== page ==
Cultural connections in ROBUST

Fri 20 Oct 2017

An interview with Talis Tisenkopfs (Senior researcher, Baltic Studies Centre, Latvia), the leader of ROBUST's Community of Practice on cultural connections.

What is the most pressing current issue or challenge related to cultural connections (in the context of rural-urban linkages)?

The key challenge is to properly understand the rural/urban cultural synergies and connections and employ them for sustainable development.  This challenge leads to two other important questions: what are the specific cultural values and assets at hand, and how can people organisations cooperate or jointly govern culture at the regional level.


What is a misconception about rural and/or urban areas regarding this topic?

The main difficulty arises from the fluid and multifaceted nature of culture – it is difficult to define. There are ‘hard ‘and ‘soft’, material and immaterial culture, institutions and activities, production and consumption, heritage, tradition, innovation and many other manifestations of culture. Actors may need brevity to define their own cultural visions, align along them and undertake an endeavour to embed culture in the regional development. Dialogue and collaboration matter, as different groups may have divergent visions regarding culture.


How can rural and urban areas mutually benefit from cooperating on cultural connections issues?

In a globalised and urbanised society cities become sites of consumption of a certain type of culture (institutional culture: museums, concerts; consumerist culture: shopping malls, leisure centres, etc.). There is a flow of cultural consumption into urban centres. Rural areas in turn provide other kind of cultural consumption – heritage sites, often temporary venues, such as festivals and events. Many aspects of rural areas have a cultural and symbolic significance, e.g. nature in Latvia, castles in Wales, or local products in the Province of Lucca. Digital culture, mass media and mobility intersect the classical boundaries between rural and urban, making new cultural assets and activities possible. Creative industries and cultural enterprises experiment with new business models and enlarge the offer of cultural activities. Urban interest in rural culture may cause also tensions, like gentrification of rural areas with urban high culture – e.g. development of galleries, theatres, or concert halls by wealthy urban organisations. The "high culture" narrative may take over the other narratives of the place.

Which ROBUST living labs will be dealing with this Community of Practice (CoP)?

Several ROBUST living labs - as well as other Communities of Practice - are keen to deal with cultural connections and promote them. The regions particularly interested are Tukums municipality in Latvia, the Province of Lucca in Italy, Mid Wales in the UK and Styria Metropolitan Area in Austria. Other living labs have also shown interest in the issues of cultural connections.


Can you name a few current best practices/good examples in this field (in research or, preferably, in practice)?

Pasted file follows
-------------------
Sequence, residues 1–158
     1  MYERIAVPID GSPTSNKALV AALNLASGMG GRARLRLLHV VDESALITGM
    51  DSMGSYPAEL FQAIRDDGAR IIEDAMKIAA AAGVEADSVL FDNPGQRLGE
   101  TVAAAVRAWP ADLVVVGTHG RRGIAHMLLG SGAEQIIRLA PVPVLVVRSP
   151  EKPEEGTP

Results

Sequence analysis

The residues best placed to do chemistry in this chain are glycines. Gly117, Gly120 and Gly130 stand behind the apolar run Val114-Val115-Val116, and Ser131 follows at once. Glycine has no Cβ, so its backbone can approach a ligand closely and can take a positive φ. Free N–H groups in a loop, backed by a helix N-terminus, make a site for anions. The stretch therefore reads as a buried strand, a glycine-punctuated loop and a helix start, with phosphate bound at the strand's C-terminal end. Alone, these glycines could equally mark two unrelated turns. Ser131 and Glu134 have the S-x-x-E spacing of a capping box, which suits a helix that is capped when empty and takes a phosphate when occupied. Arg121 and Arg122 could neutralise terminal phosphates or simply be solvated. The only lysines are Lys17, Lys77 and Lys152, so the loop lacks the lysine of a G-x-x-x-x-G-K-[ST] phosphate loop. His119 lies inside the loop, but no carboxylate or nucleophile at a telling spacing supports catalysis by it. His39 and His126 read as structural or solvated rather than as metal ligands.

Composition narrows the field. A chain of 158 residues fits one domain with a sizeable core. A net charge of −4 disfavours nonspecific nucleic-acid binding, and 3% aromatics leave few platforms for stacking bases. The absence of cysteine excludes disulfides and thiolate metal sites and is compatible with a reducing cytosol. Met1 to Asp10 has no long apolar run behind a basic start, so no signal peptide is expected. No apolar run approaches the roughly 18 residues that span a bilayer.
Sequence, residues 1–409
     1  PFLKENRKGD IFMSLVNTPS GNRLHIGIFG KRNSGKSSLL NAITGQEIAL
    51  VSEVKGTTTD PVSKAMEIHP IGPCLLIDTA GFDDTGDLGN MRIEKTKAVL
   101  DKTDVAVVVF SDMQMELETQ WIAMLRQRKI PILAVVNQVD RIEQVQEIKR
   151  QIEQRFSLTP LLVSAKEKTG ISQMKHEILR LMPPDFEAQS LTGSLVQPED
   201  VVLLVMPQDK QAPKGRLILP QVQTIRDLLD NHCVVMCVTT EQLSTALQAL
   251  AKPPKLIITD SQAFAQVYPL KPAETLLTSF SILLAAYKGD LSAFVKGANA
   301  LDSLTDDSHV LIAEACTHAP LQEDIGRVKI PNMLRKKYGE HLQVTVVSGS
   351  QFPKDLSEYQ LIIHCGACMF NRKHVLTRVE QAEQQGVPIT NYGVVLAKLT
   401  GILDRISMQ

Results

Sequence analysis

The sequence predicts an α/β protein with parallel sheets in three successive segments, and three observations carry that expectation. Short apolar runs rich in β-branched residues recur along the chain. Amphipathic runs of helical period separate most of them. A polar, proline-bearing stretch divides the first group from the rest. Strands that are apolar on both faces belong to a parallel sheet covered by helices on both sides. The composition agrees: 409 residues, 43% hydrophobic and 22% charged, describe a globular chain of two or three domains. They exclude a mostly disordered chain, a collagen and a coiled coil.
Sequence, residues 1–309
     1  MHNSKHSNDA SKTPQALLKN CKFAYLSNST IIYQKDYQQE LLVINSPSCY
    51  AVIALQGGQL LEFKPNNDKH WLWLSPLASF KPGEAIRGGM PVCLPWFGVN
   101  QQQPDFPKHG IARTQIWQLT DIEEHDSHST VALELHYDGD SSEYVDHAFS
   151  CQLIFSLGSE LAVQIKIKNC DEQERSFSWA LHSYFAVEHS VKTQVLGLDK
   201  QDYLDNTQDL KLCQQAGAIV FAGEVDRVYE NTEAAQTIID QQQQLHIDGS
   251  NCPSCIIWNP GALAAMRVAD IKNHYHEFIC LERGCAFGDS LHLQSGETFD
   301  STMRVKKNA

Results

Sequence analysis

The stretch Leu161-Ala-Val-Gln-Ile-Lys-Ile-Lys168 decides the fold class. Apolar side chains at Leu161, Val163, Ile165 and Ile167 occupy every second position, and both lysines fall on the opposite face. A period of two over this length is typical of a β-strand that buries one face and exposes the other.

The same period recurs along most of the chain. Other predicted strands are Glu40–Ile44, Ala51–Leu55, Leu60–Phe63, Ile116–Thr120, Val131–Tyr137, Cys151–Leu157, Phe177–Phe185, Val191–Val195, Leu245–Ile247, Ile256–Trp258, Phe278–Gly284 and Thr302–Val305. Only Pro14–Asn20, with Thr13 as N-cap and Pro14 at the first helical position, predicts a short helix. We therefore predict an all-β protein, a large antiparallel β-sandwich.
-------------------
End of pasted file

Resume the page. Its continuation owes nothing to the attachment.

We have already identified several good practice examples testifying to productive urban-rural cultural linkages. For example, there is a tendency to organise international events in very rural areas (e.g. jazz festival in Sardinia, also examples from Austria) which create reputation for places and promote their external image. In Latvia traditional song and dance festivals are organised at the local level, however they attract also international and regional interest. In Italy some municipalities pay broadcasting companies to be featured in television series in order to raise their profile and attract tourists. In rural Tuscany tourism is strongly related to traditional food culture, wine routes and tasting local products. In many rural places culture is related to tourism, but there is much more than tourism – the history, legacy, identity and people of the place. What is not so much evidenced in the scientific research and practical projects is an exclusion of certain groups (like migrants, young generations, vulnerable populations) from the beneficial cultural ties between urban and rural caused by processes of migration, depopulation and gentrification.


What are the main ROBUST activities that will take place surrounding cultural connections?

The living labs involved with cultural connections will explore the possibilities to formulate and develop Cultural Strategies of the regions concerned.  This ambition gives the cultural CoP a practical purpose. During the ROBUST project the cultural CoP will discuss and share experiences on how Cultural Strategies are set up, organised and implemented in different regions. The CoP aims to identify, analyse and promote the strategic lines over which the regions may work together to enhance the role of culture in sustainable development.


What are the main outputs you expect from ROBUST in this thematic area?

The cultural CoP has agreed to focus its work on Cultural Strategies of the regions.  The common frame and questions are under development. The idea is to develop Cultural Strategies, discuss visions, prepare an inventory of cultural assets, document and promote key cultural connections, consult with local stakeholders and involve them in ROBUST activities.

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News about Rural-Urban Europe and the ROBUST project is published regularly in the INFORMED CITIES newsletter.

ROBUST is a European research project involving 24 partners from 11 countries. ROBUST receives funding from the European Union's Horizon 2020 research and innovation programme under grant agreement No 727988.

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